A Tale of Two Endings – Art from the past contemplates the future at La Fine di Dio, a new show at the Gagosian Gallery, London


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Walk into a stark, white room at Gagosian gallery on Davies Street, and you will be greeted by a smartly dressed little boy kneeling in front of a Pepto-Bismol pink, two dimensional, giant egg, hung on the wall ahead. Surreal as this is, the scene is one of a certain sense of calm – the unimposing figure staring hypnotised at what appears to be a giant Easter egg.

Look a little closer however, and the whole scene takes on a considerably more chilling aspect, because this is no ordinary little boy. In fact, it’s not a little boy at all. Kneeling on the floor in supplementation to Lucio Fontana’s climactic painting of the early sixties, La Fine di Dio, is a small and eerily perfect model of Hitler.

The model, by Maurizio Cattelan, is simply titled HIM, with no further explanation needed thanks to the infamy of the subject matter. Meanwhile, La Fine di Dio was one of the late, polished works of an artist who was credited with being the founder of the Spazialismo/Spatialist movement, his work invariably characterised by the way in which he created negative space with slashes and cuts on the canvas.

This is curator, Francesco Bonami’s, current exhibition, also titled La Fine di Dio, but what on earth are these two seemingly juxtaposing pieces doing in the same space, let along brought together to create an entirely new conceptual installation?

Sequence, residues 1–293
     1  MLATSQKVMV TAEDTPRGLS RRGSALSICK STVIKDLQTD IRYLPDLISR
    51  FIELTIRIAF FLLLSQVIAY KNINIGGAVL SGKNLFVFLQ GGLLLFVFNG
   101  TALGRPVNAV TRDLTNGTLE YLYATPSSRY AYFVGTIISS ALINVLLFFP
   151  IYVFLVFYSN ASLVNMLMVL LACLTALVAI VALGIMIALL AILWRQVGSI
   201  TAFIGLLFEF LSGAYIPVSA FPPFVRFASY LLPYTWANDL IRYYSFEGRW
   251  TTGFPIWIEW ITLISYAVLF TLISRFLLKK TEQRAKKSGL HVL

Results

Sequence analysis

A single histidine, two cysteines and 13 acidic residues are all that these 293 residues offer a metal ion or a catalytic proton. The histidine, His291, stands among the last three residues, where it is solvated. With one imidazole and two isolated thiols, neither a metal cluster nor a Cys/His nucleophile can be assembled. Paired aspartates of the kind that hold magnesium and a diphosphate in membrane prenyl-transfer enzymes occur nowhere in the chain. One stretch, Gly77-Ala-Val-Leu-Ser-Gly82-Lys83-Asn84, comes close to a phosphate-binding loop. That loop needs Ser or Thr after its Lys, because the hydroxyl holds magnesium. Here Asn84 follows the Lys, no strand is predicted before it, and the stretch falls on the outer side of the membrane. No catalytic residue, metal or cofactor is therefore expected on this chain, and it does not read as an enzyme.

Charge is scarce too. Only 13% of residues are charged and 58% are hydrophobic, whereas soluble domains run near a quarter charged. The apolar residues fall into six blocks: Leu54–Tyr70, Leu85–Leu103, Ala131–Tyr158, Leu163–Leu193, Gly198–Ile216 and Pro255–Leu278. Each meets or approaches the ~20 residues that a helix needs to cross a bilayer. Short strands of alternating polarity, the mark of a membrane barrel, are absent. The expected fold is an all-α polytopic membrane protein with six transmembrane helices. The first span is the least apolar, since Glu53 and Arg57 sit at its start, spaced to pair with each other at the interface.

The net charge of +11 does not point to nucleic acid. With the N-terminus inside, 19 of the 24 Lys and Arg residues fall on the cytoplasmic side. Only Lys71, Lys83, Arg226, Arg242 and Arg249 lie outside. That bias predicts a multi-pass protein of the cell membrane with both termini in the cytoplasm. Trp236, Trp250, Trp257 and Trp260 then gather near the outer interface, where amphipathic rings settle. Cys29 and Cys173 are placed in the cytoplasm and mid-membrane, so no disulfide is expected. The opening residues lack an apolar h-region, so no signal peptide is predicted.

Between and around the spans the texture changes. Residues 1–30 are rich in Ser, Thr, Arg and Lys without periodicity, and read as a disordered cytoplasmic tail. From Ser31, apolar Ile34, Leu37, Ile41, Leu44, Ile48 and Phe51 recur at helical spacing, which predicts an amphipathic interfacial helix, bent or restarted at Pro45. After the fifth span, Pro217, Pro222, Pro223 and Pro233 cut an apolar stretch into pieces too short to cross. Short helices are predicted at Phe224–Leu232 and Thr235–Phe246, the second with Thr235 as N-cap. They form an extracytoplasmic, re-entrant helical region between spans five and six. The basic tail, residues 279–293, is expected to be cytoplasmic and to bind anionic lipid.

Well, the devil is actually in the positioning itself, which is  rather fitting given the history of Cattelan’s model. Having been “designed to be the embodiment of hidden evil” according to the director of the Centre for Contemporary Art, Fabio Cavallucci, in an interview in 2012, Cattelan’s work has made its reputation for the places in which it has been installed and the emotions it invokes as much as for the sculpture itself. In 2012 it appeared at the gates of a former Warsaw ghetto, the site were many Jews were sent to their deaths at the hands of Hitler’s regime, to understandably mixed responses.

According to Bonami however, this idea came to him when he was in the storage area of the US Army Centre of Military History in Washington DC.  The curator showed him a painting by Hubert Lanzinger, The Standard Bearer from 1935, depicting Hitler as Joan of Arc, but under one eye someone had placed a deep gash in the painting.

What transpired to be an act of anger on behalf of an American soldier enraged at the sight of the image but with no real individual to bear the brunt of his feelings, struck Bonami as not simply an act of vandalism but one of freedom. He saw parallels between the dictator and Fontana’s work, both envisioning the end of God, but the former by way of destruction, and the latter by way of infinite space, “[he] found inspiration in the marvels of the universe, that infinite space where even god could disappear.”

Thus it seems that through art, Bonami, Cattelan, and Fontana, make the image of Hitler bow down to a universe with more future and possibility than the one that he himself had set his sights on. The result is the contemplation of a story with two conclusions – one Fuhrer whose idea of an ending was one of destruction, and the other of an artist who didn’t envisage and ending at all, only infinity.

by Bonnie Friend

La Fine di Dio runs until April 5, 2014 at the Gagosian Gallery, 17-19 Davies Street, London W1K 3DE from Monday – Saturday 10:00am – 6:00pm